A Little Boy and a Dead Gorilla, Your Turn to Weigh In

While the country should have been honoring its fallen soldiers, the 2016 Memorial Day news coverage was all a rage, literally, with the news of a little boy and a gorilla.

For those who may not have heard, over the weekend a family was visiting the Cincinnati Zoo when a 3-year-old boy made his way through surrounding bushes, under some wire and ultimately 15 feet over a wall to a moat that is home to the zoo’s gorilla exhibit.  The child apparently told his mother that he wanted to swim with the gorilla before they left.  After telling her son that was not an option, the mother turned away for a moment and the child made his dissent.

The approximately 400 pound male gorilla, Harambe, appeared agitated, perhaps by the frightened crowed, and for 10 minutes dragged the boy around the den.  The zoo’s dangerous animal team had to make a split-second decision and ultimately shot and killed the gorilla.

Almost immediately, the backlash ensued.  Many were outraged at the killing of the endangered gorilla.  Some even said it appeared as if Harambe was protecting the child.  Although many experts, such as Jack Hanna, who viewed the video of the incident, said that the zoo did the right thing.  He said that a tranquilizer dart would not have worked fast enough and perhaps would have further agitated the 17 year old gorilla putting the young child at even greater risk.  Others have also pointed out that the way Harambe was whipping the child around, was not indicative of protective behavior.

At the time of writing of this article, the authorities are going to be conducting a criminal investigation into the incident, investigating the family of the 3-year-old.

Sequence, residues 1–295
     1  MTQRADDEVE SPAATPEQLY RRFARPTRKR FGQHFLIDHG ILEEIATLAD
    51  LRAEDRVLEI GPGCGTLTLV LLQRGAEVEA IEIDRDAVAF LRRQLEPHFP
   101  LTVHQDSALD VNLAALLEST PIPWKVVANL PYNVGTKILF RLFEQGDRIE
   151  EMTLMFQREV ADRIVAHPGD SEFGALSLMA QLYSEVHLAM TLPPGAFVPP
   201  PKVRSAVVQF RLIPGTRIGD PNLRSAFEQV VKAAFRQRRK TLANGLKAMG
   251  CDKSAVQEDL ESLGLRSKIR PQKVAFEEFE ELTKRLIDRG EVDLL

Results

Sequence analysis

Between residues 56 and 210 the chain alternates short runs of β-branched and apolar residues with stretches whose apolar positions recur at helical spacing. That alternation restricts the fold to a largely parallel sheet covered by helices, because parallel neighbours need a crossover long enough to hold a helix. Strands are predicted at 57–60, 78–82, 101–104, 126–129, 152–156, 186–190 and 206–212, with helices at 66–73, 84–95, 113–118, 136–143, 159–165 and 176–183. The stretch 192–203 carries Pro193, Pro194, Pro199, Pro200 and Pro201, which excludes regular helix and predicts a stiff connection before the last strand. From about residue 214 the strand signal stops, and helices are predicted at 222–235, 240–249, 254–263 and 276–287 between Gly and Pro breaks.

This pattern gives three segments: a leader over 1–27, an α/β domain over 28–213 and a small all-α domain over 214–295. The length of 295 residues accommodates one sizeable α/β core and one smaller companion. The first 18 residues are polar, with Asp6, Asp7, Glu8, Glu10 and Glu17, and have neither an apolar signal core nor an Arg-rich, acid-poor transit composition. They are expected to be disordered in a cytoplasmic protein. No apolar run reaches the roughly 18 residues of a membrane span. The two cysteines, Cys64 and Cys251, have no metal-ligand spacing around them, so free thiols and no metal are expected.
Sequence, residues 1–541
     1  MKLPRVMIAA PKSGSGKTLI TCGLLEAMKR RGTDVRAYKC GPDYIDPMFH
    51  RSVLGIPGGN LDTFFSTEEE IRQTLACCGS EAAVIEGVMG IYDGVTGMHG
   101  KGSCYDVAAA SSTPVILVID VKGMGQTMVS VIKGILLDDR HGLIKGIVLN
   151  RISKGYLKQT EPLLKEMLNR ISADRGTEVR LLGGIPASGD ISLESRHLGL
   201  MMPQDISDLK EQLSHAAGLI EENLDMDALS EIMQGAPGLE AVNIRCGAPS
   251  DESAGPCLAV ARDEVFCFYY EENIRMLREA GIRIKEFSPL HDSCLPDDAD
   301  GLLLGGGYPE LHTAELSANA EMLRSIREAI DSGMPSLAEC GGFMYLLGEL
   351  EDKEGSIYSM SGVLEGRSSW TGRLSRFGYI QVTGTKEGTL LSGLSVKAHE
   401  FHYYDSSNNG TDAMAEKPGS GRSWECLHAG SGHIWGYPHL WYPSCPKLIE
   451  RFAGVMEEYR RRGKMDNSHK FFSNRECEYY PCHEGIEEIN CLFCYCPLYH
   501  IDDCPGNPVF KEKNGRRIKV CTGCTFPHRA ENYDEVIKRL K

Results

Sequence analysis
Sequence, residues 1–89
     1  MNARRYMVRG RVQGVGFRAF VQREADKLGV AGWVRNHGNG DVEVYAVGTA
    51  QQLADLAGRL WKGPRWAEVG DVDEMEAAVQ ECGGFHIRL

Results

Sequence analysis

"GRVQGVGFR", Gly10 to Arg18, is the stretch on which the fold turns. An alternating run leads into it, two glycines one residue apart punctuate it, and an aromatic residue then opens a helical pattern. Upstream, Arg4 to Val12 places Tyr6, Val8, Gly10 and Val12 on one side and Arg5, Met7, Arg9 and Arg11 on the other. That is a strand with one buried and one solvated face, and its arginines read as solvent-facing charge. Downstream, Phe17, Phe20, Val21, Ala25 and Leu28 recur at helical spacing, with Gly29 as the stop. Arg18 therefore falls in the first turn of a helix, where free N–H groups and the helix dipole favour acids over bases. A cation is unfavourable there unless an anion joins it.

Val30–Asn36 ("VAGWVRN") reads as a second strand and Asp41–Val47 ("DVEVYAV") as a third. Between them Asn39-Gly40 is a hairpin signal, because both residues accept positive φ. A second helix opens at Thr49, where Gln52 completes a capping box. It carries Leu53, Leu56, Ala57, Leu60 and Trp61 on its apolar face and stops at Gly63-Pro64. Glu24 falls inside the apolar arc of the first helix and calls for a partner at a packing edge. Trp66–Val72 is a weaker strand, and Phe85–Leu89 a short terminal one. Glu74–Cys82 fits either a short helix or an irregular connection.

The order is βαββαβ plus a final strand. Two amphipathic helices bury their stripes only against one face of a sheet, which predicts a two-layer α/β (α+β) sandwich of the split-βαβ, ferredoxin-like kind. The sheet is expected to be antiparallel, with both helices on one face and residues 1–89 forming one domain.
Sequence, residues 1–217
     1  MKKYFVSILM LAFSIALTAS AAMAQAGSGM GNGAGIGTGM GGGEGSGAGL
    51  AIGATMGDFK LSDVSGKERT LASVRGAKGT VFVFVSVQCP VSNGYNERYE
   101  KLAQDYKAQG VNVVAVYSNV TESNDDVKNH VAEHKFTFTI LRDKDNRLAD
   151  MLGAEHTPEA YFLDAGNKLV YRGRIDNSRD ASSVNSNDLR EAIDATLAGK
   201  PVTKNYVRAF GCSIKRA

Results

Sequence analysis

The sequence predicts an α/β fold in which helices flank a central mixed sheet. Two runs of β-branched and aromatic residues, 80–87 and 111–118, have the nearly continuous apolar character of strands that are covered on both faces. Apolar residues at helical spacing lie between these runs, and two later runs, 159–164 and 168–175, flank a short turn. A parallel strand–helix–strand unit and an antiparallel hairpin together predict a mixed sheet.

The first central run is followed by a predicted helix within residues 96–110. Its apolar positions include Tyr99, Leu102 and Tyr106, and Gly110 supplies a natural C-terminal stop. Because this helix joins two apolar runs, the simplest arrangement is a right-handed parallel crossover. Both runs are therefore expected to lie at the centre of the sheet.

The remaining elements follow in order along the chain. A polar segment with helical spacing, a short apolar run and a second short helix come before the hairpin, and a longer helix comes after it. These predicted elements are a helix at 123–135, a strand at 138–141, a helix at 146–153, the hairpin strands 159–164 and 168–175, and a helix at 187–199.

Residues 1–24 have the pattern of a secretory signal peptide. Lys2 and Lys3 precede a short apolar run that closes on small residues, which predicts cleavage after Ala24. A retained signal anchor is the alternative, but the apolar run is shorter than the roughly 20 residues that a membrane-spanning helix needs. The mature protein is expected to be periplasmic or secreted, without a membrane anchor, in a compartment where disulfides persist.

The outrage by animal rights activists over the killing of the gorilla is not the only controversy.  There is also upset over the actions, or lack of action by the mother.  Many are criticizing her for the fact that her son got into the gorilla exhibit to begin with.

I saw a small poll where readers were asked to vote on where the fault over the incident lies.  They could choose between several options; including mother, zoo, both or accident.  And at the time I viewed it, over 40% said it was the mother’s fault.  As a parent, who has, momentarily, lost sight of a child, I don’t necessarily think that is fair.  Without knowing more facts, it appears that the child made a quick dash out if his mother’s sight as she tended to other children.  Something that I bet has happened to a majority of dutiful parents.  I voted that it was a terrible accident.  I hate that the gorilla had to be killed, but I agree it was the only option.

I thought it would be interesting to see what all of you think.  I haven’t read about this controversy from the viewpoint of serious hunting and outdoor enthusiasts, so I’m bringing it up here.  What do you think?  How would you have voted in the poll above?  Please leave your comments below.  I want to know what you’re thinking!

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